Recipe8.8.Computing Confidence Intervals


Recipe 8.8. Computing Confidence Intervals

Problem

You want to compute confidence intervals along with your curve fits.

Solution

See the following discussion.

Discussion

You can compute confidence intervals for the estimated values from your curve fit, or you can compute confidence intervals for the parameters in the model itself.

Confidence intervals for estimated values

You can readily compute confidence intervals for the values predicted by a regression equation. In this case, you'd report estimated values as y ± yc, where y is the estimated value and each ±yc is the confidence limit corresponding to some degree of confidence (probability), c. To compute confidence limits, we'll utilize the Student's t-distribution , which comes from an area of statistics called small sampling theory . Excel provides support for the t-distribution through several built-in functions. See Recipe 5.6 for more information.

Let's reconsider the example from Recipe 8.6. Figure 8-12 shows the result of a nonlinear curve fit, along with upper and lower confidence limits. Figure 8-11 shows the original data along with the fit parameters. It also shows several other statistics I computed for this example. The ones of interest here are t-value and Confidence Interval, shown in cells M13 and M14.

Before computing these values, you must set up some auxiliary calculations. First you must compute the sum of squared residuals as shown in cell M5. The formula used in this example is =SUMSQ(H5:H41), which is just the sum of the squares of the residuals already computed in column H.

Next you need to compute the residual standard deviation. This value is computed in cell M6 using the formula =SQRT(M5/M9), where the cell in the numerator is the sum of squared residuals and the cell in the denominator is the degrees of freedom for this example. Degrees of freedom is computed in cell M9 using the formula =M8-M7, which is the number of samples minus the number of parameters in the fit (7 in this case, for the seven b-parameters).

Now you can compute the t-statistic using the formula =TINV((1-M12), M9), the result of which is shown in cell M13. The function TINV returns the inverse of the Student's t-distribution corresponding to a specified probability. In this case, I set the degree of confidence to 95% (.95 probability) in cell M12 and used 1-M12 as the probability passed in as the first argument in TINV. The second argument to TINV represents the problem's degrees of freedom.

Finally, the confidence limits are found by multiplying the t-statistic by the residual standard deviation. Cell M14 contains this result, using the formula =M13*M6. To plot the upper and lower confidence limits on the same chart as the original data and fit curve, you must set up two new columns. The first column contains the estimated y-value plus the confidence limit, and the second column contains the estimated y-value minus the confidence limit. You can then add these two new series to your chart to obtain the results shown in Figure 8-12.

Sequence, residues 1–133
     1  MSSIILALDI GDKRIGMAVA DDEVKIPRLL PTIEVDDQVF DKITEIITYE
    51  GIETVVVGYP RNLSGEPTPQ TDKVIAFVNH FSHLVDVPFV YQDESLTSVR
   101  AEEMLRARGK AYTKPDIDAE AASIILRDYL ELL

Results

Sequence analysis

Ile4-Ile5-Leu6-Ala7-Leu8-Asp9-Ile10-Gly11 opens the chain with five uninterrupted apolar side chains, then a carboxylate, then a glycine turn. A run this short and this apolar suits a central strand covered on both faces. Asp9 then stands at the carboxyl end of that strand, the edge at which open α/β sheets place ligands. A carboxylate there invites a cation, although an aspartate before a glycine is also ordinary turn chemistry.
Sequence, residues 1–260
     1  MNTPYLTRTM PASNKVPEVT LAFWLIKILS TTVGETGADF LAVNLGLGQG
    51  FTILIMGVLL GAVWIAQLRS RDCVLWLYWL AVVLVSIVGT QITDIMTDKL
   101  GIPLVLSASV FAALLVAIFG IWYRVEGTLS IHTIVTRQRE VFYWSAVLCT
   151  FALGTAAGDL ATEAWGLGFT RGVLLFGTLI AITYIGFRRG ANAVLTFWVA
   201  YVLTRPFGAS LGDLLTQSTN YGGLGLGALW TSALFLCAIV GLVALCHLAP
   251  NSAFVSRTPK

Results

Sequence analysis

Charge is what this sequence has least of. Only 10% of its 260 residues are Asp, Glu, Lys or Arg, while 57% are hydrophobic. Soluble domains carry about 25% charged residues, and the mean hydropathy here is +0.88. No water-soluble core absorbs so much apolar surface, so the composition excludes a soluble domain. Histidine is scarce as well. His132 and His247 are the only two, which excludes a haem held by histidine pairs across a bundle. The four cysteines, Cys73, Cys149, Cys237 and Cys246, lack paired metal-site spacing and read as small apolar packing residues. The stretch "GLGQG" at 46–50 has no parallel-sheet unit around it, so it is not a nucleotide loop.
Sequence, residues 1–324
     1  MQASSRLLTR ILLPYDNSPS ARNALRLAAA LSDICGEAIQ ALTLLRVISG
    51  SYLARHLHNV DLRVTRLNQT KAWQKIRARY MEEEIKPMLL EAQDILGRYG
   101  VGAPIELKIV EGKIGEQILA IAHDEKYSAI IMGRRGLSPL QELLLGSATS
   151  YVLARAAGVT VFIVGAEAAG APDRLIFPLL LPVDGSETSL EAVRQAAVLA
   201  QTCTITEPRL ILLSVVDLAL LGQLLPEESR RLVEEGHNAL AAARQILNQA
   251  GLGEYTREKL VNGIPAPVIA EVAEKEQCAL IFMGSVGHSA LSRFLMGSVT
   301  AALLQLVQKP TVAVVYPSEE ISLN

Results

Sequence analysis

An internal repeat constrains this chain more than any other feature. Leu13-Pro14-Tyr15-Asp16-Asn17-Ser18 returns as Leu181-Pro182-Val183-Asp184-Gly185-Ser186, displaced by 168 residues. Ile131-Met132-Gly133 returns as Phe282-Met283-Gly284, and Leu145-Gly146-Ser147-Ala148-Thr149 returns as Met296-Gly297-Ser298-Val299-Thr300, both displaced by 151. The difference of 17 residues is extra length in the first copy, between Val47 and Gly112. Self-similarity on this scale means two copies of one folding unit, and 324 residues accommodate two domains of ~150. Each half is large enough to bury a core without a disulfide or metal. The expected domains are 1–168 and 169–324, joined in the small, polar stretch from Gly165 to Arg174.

Confidence intervals for curve parameters

Sometimes it's the parameters of a curve fit that are of scientific interest, instead of the estimated values predicted from the fit line. For example, you may compute a best-fit straight line through a set of experimental data where the slope of the best-fit line represents some aspect of the underlying physical process, such as reaction rate or spring constant. Curve fitting to estimate the model parameters yields statistical estimates of those parameters given the sample, which we assume represents the entire population. We can use statistical techniques to estimate confidence intervals for these parameters just as we did when estimating confidence intervals for predicted values.

Figure 8-16 shows some experimental data that has been the subject of a linear least-squares curve fit. In this case, the parameters of the curve fit (the slope and intercept) are of scientific importance and we'll compute confidence limits for each of these corresponding to a 95% degree of confidence.

To begin with, you must fit a straight line through the data, using any of the linear curve-fitting techniques discussed in this chapter. Then you need to compute the standard error for the estimate by using Excel's built-in function STEYX. Cell F12 contains the formula =STEYX(B4:B10,A4:A10), which computes the standard error for a given set of y- and x-values. In this case, the y- and x-values are contained in columns B and A, respectively.

STEYX computes the standard error assuming a linear fit. See Excel's help topic "STEYX" for more information.


The t-statistic is computed in a manner similar to that discussed earlier. In this case, cell F13 computes the t-statistic using the formula =TINV(0.05,(B12-2)).

Now you need to set up a column computing the x - xmean for each sample. These aren't shown in Figure 8-16, but all you need to do is set up another column containing the formula =A4-AVERAGE($A$4:$A$10) for each x-value contained in cells A4 through A10. Once that's set up, you can compute the sum of squares of the values in that column by using the formula =SUMSQ(L4:L10). In my spreadsheet, I put the x - xmean calculations in the cell range L4:L10.

Finally, the confidence limits for the slope and intercept are computed in cells F15 and F16, respectively. Cell F15 contains the formula =F13*F12/SQRT(L11), which

Figure 8-16. Parameter confidence intervals example


yields a confidence limit of ± 0.0110 for the slope. Cell F16 contains the formula =F13*F12*SQRT(1/B12+AVERAGE(A4:A10)^2/L11), which yields a confidence limit of ± 0.0691 for the intercept.

The results of this exercise would be reported as follows: slope m = 0.1107 ± 0.0110; intercept b = 0.0016 ± 0.0691.

See Also

See Recipes 5.3 and 5.6 for more information on Excel's support for the Student's t-distribution.